Living with the owl is the owl butterfly (genus Caligo) displaying its underwings which imitate the bird so amazingly well.  The astral object near the bird's head is  the Owl Nebula which resides in the cup of the Big Dipper (Ursa Major).  Also depicted is the now obsolete constellation Noctua which was once placed at the end of the tail of the constellation Hydra.  Athene noctua is a small owl associated with the goddess Athena.  It is known to live on the Acropolis in Athens.

This drawing is the second in the series of the Life of Birds and Insects.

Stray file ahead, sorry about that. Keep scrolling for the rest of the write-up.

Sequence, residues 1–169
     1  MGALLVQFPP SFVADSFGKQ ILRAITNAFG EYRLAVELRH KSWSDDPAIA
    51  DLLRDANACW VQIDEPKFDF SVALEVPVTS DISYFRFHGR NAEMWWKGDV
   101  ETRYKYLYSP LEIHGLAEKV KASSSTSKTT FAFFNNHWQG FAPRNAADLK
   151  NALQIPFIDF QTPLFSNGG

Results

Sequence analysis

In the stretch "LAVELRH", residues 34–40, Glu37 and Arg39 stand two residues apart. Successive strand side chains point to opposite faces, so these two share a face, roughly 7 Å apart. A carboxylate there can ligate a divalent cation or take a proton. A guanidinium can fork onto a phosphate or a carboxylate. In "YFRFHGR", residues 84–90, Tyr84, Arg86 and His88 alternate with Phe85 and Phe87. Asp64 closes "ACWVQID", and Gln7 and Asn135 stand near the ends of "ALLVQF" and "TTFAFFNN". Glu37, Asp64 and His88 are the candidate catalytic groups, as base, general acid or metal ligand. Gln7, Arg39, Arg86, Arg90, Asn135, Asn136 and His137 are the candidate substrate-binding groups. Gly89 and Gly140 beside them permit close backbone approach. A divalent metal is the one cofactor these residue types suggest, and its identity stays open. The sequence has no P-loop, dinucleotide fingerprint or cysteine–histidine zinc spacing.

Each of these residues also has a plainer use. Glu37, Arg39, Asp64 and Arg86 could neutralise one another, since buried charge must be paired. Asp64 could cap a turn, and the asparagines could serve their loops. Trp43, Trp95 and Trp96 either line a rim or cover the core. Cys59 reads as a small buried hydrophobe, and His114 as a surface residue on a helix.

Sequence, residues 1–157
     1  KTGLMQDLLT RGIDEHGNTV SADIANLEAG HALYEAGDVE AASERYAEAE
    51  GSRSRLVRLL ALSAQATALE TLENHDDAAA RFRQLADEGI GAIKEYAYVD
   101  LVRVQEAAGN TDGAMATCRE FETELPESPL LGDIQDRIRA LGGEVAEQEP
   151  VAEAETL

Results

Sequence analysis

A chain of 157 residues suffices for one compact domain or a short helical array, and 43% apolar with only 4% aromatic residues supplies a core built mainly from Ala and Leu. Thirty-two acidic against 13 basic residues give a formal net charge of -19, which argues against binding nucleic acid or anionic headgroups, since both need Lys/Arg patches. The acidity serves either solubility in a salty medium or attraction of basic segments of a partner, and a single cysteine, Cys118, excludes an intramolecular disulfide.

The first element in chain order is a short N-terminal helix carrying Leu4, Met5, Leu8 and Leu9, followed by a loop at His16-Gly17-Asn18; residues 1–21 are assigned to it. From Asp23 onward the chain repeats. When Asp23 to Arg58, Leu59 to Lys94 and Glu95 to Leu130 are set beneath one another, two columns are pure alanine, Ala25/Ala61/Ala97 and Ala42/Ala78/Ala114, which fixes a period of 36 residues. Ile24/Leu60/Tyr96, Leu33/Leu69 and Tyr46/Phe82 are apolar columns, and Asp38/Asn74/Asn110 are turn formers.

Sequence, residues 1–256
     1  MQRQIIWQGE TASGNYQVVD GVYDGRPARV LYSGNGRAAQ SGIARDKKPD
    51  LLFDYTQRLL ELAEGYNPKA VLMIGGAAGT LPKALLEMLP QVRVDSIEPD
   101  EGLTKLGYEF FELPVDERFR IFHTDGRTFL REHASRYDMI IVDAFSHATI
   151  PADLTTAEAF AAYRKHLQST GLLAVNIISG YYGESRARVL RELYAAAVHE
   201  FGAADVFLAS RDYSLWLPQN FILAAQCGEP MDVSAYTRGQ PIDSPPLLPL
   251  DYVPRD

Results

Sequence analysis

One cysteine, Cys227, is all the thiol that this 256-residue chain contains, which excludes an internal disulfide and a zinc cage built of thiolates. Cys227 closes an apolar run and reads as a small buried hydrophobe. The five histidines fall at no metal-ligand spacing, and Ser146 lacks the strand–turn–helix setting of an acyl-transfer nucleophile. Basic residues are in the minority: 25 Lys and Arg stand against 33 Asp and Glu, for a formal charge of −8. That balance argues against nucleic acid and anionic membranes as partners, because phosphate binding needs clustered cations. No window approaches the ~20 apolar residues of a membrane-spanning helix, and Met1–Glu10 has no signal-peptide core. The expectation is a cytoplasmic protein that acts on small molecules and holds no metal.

Wednesday, January 29, 2014


"Before we invented civilization our ancestors lived mainly in the open under the sky.  Before we devised artificial lights and atmospheric pollution and modern forms of nocturnal entertainment we watched the stars."

Carl Sagan

A Marbled Godwit and a Whimbrel, shore birds native to Michigan, stand rapt in wonder, watching the night sky.  It is their theater.  The darkness is filled not only with stars but birds and butterflies that aspire to be equally as beautiful.  This is part of the Life of Birds and Insects.

A companion drawing - Theater of Insects. The title is taken from a book published in 1634 - a work generally credited to Thomas Mofet but actually inherited and completed by him.  Mofet did not see its publication as  that final step came 30 years after his death. In this drawing there is the addition of the Moonflower which is a botanical pretender to the night sky.